A sunset by a lake.
It started as any nice weekend might with a stroll by the lake after work to unwind. While overcast, the following day was warm and dry and so I did a little exploring.
Dharmachakrapravartana Buddha… teaching from the heart.
While I am no Buddha, Buddhist, or mudra expert, my interpretation of the the wheel of dharma is “teaching from the heart”. I may be wrong but I found it heartwarming to discover this statue.
Evidently, I had found Wat Pah Samarkki.
Hmmm, trails by a lake, wats… I know its suspicious but I haven’t returned to Thailand. My next find did lead me to wonder…
Does the gruffalo exist? Was this the creature that inspired H.R. Giger? Do aliens live in my backyard? Where am I?
I don’t own the house just plan to live in it for the next 15 weeks.
Top 5 things to remember now that I’m not in Thailand.
5. Don’t wait for an attendant to pump your gas.
4. Don’t buy XXL.
3. Don’t leave your keys in the ignition for safekeeping.
2. Don’t scoot someone’s else ride aside to make room to park your own.
1. Don’t drive on the left!
As usual, I started my trip with a few essentials, money and street food.
I generally enjoy walking about a city to learn its layout but Ho Chi Minh was an exception. The grime on the awning is indicative of the soot I had to wash off my exposed skin later. Luckily, the area I stayed in, district 7, wasn’t congested with scooters so a stroll to a convenience store or cart was fine. It also had lots of Korean goodies.
The Notre-Dame Basilica was closed for renovations but the post office and Independence Palace were open to visitors.
View from Independence Palace.
While not terribly convenient, I couldn’t pass up a tour of the Củ Chi tunnels. It gets rather cramped and very dark. Our crawling about was rewarded with cassava root with crushed peanuts and tea, supposedly staples of the Vietcong.
One of my favorite things to do is visit art museums. Unfortunately, I haven’t had much luck in my recent travels. Last month, the Western Australia Museum in Perth was closed for renovations… for 4 years.
So, I should not have been surprised to learn that the Hong Kong Museum of Art was closed for renovations… for 4 years.
That reminded of something else that takes 4 years… getting a niche for your loved one’s cremated remains in Hong Kong.
One way to reach the Dragon’s Back trailhead is to walk up all the stairs at Cape Collinson Catholic Cemetery. That happened to be the way I went so I learned this odd fact.
The hillside cemeteries of Hong Kong are quite a sight. I could have used a guide to answer a few questions, though. Such as… why are there occasional brick ovens? Or… do the pictures on the markers have to be near death or least flattering?
I don’t have a way to tie this junk boat into the 4 year theme except to say that 4 years ago, Hong Kong set new goals to combat air pollution… you can see how effective that has been.
The Chainsmokers, Closer, was playing at the dim sum stand where I bought these awesome treats… 4 years…
A very vertical vista.
Having enjoyed Hong Kong-style waffles in many cities, I decided it was time for the original. After securing a few essentials,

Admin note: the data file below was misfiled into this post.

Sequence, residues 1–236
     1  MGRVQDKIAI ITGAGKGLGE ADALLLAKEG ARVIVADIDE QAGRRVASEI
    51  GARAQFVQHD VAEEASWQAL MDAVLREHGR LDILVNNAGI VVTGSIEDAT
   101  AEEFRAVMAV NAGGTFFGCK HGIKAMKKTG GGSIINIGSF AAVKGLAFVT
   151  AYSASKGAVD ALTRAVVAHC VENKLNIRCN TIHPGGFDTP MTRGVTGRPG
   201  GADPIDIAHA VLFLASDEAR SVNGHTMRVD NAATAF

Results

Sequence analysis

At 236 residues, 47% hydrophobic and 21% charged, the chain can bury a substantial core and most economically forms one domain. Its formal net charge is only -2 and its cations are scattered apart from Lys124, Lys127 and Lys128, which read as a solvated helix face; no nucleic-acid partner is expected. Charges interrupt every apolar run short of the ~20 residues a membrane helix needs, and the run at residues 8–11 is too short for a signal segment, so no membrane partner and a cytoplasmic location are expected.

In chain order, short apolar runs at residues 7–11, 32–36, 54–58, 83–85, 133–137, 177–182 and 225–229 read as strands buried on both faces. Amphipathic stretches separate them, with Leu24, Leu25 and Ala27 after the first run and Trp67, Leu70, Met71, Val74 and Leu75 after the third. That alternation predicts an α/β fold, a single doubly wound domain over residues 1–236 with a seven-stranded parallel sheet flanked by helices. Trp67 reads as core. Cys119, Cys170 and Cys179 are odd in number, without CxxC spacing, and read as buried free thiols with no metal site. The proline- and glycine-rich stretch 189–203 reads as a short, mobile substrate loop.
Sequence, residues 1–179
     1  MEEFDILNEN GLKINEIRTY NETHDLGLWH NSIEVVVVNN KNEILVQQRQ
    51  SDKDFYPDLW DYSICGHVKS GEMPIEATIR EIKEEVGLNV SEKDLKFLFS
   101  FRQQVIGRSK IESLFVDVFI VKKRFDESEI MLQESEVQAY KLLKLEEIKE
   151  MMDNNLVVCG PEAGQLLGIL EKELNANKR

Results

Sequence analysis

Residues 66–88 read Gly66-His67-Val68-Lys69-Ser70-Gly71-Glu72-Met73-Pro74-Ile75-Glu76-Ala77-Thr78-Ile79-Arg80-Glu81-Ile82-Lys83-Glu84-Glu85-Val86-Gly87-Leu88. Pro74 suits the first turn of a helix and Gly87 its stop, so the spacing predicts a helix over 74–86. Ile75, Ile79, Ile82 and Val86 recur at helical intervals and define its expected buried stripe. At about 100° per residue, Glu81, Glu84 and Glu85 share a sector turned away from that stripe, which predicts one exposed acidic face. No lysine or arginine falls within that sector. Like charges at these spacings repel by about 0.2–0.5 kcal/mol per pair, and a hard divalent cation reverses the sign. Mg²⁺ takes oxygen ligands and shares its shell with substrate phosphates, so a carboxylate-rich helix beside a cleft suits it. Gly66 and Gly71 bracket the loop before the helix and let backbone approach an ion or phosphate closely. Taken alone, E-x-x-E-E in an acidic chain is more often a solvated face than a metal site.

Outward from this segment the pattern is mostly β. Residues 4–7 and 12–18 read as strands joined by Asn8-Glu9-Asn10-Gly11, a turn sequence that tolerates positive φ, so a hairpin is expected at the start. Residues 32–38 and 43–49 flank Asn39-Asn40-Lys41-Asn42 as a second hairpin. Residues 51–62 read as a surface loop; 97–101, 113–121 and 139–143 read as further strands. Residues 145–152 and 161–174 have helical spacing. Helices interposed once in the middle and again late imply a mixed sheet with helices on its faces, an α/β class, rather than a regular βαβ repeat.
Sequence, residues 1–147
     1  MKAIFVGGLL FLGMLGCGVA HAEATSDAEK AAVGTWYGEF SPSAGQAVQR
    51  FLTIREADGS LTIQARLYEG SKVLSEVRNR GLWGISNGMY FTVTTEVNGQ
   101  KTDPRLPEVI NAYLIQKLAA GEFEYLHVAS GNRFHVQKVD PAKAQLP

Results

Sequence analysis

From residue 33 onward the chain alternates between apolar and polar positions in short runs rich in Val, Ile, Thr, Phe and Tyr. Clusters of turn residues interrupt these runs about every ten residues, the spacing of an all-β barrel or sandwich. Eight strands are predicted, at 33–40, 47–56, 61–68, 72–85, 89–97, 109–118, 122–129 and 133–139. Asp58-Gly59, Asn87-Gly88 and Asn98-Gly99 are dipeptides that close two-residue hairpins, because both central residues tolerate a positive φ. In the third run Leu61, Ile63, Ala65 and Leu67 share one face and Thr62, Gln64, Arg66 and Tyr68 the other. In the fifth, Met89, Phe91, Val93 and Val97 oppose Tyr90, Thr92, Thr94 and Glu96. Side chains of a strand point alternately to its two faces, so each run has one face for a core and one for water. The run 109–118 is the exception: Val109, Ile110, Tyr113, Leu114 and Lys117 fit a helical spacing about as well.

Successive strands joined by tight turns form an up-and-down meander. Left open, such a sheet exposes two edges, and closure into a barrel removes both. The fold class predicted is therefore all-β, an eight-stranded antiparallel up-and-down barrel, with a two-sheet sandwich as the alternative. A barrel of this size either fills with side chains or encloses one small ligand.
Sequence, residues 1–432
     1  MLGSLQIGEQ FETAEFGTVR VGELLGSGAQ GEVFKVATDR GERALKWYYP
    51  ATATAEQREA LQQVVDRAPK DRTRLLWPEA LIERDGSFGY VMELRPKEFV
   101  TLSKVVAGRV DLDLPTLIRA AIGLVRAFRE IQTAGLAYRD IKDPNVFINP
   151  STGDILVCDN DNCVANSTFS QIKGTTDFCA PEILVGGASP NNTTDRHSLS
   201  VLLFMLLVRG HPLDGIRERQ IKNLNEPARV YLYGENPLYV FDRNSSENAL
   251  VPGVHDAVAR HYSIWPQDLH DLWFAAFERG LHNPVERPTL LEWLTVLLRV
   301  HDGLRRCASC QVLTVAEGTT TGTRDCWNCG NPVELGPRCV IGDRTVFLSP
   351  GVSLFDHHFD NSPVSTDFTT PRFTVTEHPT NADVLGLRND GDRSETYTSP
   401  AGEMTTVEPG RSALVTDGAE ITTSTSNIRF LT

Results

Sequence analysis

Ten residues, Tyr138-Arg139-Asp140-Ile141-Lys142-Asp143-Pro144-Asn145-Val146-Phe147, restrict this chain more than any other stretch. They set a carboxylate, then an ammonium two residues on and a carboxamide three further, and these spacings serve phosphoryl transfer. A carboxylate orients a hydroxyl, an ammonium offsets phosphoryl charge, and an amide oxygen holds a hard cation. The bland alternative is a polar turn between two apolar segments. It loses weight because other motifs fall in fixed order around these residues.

I made my way to the Temple Street Night Market and Mammy Pancake for one that would be sure not to disappoint.
Feeling the need to work off the wonderfully yummy and filling delicacies, I followed up with another popular HK favorite… a hike on the Dragon’s Back.
Despite the fog and haze, there were beautiful views of the islands from the trail.
Other less arduous walks included a stroll along the Avenue of Comic Stars
and a descent from The Peak along Lugard Road.
For lack of anything better to do, I decided to join Helpx and find a productive way to spend my remaining time in Australia. My first gig was helping on a farm in Hay located near Denmark. That entailed riding back from Albany but a long lunchbreak at Lowlands Beach made it worthwhile.
All mine for a few hours.
It was a beautiful day so I was fortunate to have the opportunity to enjoy the trail this time.
When I arrived at the farm, the lawnmowers were hard at work.
One of my “jobs” was to bottle feed the temporary residents, Sissy, Ivy and Tilly. The unfortunate thing about Hay is hayfever. Despite loving the “work”, I had to move on.
Currently, I’m in Perth making the rounds to Kings Park, Freemantle, and Cottesloe. It’s a very bicycle-friendly city so I may just hang out here for the duration.
On Wednesday, October 18th, I arrived at the port city of Albany.
Had there not been rain and wind on my final day, I’m sure the ride would not have felt complete.
I was disappointed that I’d only spent 2 of the 26 days sightseeing (off-trail) in the region but the cold and rain just didn’t make it very appealing.
Fortunately, the sun came out as I toured the area the following day. A view of Albany from Torndirrup.
The view from Sharp Point offers both the harbor and the coast.
Natural Bridge and Dog Rock are just two of the many local attractions. Now that I’ve completed the Munda Biddi, I’m not entirely sure what comes next. I look forward to whatever tomorrow brings.